Crowds at Women's March Liverpool (cropped)
(Image by Wikipedia (commons.wikimedia.org), Author: Samwalton9) Details Source DMCA
There are legal actions now being contemplated to remove Trump from office, based upon his many conflicts of interests. Let us assume that none of them get past Congress or the Supreme Court. Then our great hope is that the momentum of demonstrations in every major city here and around the world will lead to actions that will stymie the intentions of the Trump administration.
The gigantic women's march in Washington D.C. of January 21 kicked-off what could be an unending climate of resistance to Trump rule. It is fitting that women lead this movement to emphasize the determined but non-violent nature of it - like the Suffragette movement.
They and cooperating groups plan to hold continuous demonstrations until their voices are acknowledged.
How might it evolve? We have already seen a first sign of resistance, when mayors of 100 sanctuary cities declared they will not abide by Trump's declaration of removing any federal funding of these cities. As Trump rolls out his regulations of presidential powers, each will be met with gestures of disobedience ranging from token local protests to some forms of obstruction, charging up the atmosphere and keeping the issues on the front page. It is essential that the issues remain as a continuous subject matter in the media, in the classroom, in every place of assembly.
As tensions increase, we may begin to see mass strikes disrupting essential services. This will greatly inconvenience both supporters and opposition to Trump, but it is the cost that must be paid for action. As in past episodes of history, state and federal governments are likely to bring out riot police and the national guard to obstruct and quell demonstrations. But with the exceptional climate surrounding the extremely unpopular presidential election, that strategy could backfire. Police and military personnel may sympathize with the crowds and be reluctant to carry out orders, as did the 100 mayors. The mothers of the women's movement could appeal to their sons in the militia to sympathize with the demonstrators. Among the civil servants of key government agencies, there might also be a clandestine movement - on a scale that could not be contained - to make Trump's regulations ineffective.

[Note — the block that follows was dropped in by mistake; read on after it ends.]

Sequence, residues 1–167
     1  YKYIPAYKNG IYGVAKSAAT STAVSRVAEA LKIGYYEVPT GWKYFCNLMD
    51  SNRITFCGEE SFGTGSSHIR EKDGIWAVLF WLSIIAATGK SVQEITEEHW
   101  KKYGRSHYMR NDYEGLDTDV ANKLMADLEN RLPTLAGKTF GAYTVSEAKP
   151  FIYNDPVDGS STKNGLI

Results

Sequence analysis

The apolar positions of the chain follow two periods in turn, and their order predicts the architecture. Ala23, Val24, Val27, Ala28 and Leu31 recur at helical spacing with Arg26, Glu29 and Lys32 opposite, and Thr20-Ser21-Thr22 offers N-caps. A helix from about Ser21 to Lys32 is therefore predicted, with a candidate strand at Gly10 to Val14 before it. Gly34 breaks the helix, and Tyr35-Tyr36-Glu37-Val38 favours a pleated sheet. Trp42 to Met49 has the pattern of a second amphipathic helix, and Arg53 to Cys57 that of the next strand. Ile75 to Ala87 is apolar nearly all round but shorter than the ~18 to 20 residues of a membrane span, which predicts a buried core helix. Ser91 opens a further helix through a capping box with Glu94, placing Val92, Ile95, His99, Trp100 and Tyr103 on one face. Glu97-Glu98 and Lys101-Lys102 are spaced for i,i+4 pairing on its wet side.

Other civil actions that could be carried out are the total boycotting of Trump properties. This could happen on a world-wide basis. Overseas, there might be little restraint to violence. People would be intimidated to not patronize Trump's properties. ISIS might car-bomb them. Such covert actions could carry-over into the USA. The list goes on.
At some point - sooner rather than later - Trump or his party might reconsider the insanity of having him as the president of our country in this critical time of history and very crucial time of environmental devastation. Before impeachment, he might consider doing a Nixon. Then perhaps, we would only have a humiliated and less reactionary Republican congress to worry about.